By Bruce Rosenbaum
What is Steampunk? A basic question, right? I’ll begin by saying that there is no single, simple, explanation that adequately explains what Steampunk is or what it is becoming. It’s a creative design solution. It’s a movement and a culture. It’s a practice. It’s a dynamic force in my own work, part philosophy and part aesthetic, that guides my approach and process in design, engineering and craft.
Though there are some core principles to Steampunk, and what Steampunk is varies with each person’s interpretation (and expression) of it. A quality that makes this aesthetic/culture distinct is its fluidity and that its characteristics are entirely chosen by the community of individuals: tinkerers, designers, artists, engineers, crafters and enthusiasts.
Unlike other forms and fashions, Steampunkers as a collective continuously choose what proportion of components such as: Victorian, Edwardian, Industrial Age; Science Fiction and Romance; pre- and post-apocalypse is represented in every aspect of the culture and its crafts.
Since Steampunk is really about the way we put things together (and take things apart) I’ll describe what it means to me:
Steampunk is a re-imagining of two (or more) distinct time periods and the fanciful and functional inventions that are produced. For example, imagine (or re-imagine) if the Victorian or Industrial age happened at the same time as the modern or information age what would have been produced in inventions, innovations, gadgets, art, dress and jewelry. In simple math terms – Steampunk = History + Art + Technology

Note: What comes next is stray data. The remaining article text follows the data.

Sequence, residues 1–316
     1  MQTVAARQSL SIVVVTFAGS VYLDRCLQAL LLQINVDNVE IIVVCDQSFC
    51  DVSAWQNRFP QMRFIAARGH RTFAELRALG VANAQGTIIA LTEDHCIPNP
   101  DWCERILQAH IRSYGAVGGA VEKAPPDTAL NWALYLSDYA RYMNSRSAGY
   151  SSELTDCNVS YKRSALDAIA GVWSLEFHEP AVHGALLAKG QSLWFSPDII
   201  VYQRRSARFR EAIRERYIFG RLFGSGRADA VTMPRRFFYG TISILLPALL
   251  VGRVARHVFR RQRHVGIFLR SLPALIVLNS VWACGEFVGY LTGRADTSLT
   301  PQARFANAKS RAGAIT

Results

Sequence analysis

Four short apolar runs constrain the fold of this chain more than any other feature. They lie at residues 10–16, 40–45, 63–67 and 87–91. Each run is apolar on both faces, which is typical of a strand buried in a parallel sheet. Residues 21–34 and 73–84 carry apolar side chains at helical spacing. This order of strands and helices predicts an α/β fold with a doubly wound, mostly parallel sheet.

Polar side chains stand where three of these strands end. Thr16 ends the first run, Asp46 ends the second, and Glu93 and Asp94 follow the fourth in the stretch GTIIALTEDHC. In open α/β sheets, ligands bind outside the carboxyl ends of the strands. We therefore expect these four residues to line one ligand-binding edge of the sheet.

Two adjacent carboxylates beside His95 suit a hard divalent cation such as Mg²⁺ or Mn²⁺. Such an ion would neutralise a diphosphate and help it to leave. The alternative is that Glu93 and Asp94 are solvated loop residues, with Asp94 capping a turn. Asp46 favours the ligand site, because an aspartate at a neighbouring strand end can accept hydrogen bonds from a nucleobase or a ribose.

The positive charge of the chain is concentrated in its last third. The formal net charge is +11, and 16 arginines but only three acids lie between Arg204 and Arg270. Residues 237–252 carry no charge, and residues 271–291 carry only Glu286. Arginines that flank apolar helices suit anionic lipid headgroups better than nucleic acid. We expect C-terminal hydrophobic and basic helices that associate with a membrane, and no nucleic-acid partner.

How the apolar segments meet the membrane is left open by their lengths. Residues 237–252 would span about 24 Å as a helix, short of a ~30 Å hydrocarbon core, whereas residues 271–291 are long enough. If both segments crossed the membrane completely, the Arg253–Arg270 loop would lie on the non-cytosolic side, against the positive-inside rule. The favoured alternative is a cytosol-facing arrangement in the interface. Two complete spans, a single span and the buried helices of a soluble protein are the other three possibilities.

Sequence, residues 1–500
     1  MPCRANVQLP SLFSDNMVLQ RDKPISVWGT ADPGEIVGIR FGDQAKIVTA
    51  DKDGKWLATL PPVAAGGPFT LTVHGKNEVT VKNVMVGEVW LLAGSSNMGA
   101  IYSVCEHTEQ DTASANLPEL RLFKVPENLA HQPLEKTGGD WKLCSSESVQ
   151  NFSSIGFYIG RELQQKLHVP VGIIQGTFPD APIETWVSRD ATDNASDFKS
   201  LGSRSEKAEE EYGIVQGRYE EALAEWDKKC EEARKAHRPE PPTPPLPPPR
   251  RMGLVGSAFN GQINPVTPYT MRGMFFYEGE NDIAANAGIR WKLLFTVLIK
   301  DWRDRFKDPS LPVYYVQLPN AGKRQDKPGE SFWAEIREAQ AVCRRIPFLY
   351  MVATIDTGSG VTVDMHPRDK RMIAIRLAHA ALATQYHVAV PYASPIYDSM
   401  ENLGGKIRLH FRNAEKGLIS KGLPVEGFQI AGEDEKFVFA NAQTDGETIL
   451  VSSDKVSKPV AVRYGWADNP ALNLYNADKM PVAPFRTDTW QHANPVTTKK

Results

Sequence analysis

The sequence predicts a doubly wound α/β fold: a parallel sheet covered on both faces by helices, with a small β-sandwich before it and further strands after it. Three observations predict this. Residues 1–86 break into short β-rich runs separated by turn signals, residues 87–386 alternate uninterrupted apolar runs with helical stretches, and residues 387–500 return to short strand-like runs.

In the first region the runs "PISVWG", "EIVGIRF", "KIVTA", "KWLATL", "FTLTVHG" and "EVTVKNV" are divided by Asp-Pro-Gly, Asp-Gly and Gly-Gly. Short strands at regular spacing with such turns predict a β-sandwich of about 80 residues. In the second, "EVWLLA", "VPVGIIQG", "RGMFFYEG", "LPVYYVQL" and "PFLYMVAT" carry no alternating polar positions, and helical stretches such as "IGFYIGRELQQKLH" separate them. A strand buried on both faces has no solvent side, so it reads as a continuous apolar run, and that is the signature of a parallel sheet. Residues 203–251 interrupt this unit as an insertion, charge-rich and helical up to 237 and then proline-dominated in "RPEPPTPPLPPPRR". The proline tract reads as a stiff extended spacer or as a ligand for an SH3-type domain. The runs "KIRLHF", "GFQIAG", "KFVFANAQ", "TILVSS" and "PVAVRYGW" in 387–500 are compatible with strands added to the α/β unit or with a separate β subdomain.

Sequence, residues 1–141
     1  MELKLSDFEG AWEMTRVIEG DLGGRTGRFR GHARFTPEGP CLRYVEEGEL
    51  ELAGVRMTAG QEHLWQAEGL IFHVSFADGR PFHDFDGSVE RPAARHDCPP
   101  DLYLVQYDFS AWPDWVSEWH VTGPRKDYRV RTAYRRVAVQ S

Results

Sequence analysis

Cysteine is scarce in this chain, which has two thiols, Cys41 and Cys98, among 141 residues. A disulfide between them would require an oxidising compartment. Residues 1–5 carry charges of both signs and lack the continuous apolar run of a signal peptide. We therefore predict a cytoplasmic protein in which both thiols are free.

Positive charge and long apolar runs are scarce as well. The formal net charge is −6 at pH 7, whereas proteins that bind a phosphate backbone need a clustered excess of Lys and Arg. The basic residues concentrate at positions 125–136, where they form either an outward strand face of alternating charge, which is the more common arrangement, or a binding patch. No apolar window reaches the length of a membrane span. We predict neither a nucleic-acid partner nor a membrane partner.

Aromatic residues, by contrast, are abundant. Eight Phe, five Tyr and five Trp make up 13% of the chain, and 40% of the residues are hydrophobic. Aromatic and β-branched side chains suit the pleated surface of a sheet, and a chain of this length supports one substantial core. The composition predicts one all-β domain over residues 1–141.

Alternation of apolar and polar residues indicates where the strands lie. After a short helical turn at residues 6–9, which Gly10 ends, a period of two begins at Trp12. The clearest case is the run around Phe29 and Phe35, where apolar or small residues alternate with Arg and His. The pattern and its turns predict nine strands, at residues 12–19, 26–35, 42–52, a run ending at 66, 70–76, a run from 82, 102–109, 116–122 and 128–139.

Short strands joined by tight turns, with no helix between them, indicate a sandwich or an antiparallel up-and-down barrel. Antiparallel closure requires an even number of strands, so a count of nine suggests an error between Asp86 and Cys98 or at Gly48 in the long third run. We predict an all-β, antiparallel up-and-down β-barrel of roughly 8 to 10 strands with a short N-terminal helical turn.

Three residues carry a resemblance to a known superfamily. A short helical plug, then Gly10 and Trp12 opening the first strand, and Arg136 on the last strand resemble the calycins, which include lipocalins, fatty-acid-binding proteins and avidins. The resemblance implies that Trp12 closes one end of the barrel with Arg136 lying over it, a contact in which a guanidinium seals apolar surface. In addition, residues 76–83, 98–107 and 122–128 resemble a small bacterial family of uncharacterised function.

It is basically a game of “what if” where you mash up different time periods and speculate what would result. (The process that combines speculating and creating is the essence of Steampunk.) The movement and community now expresses itself and answers the question of ‘what if ‘ through home and object design, movies, literature, gaming, fashion, jewelry, art and more.
Although many think of Steampunk as only as an aesthetic or ‘look’, the essence of the style is the community culture. In our time as Steampunk crafters, my wife, Melanie and I have been welcomed by a community that promotes inclusivity, accessibility, self-sufficiency. There is something about the hands-on creations and inventions that offer solutions for issues in contemporary culture (consumerism, living beyond one’s means, scarcity of resources).
In fact, I think that Steampunk as a movement offers solutions to larger conflicts in society through recycling, reusing, repurposing and managing issues relating to ecology and the limitation of natural and financial resources.
More broadly, I see the act of Steampunking as satisfying our human needs for leaving our own mark and making (or remaking) objects that express our own personal history and personality. Also, in a way, by creating our own personal objects and art, we control our destiny and become masters of our own domain.
On a more personal level, I believe Steampunk design is about infusion of the best of two worlds, repurposing and the marrying of form and function. To make sure we preserve the past, while remaking our future.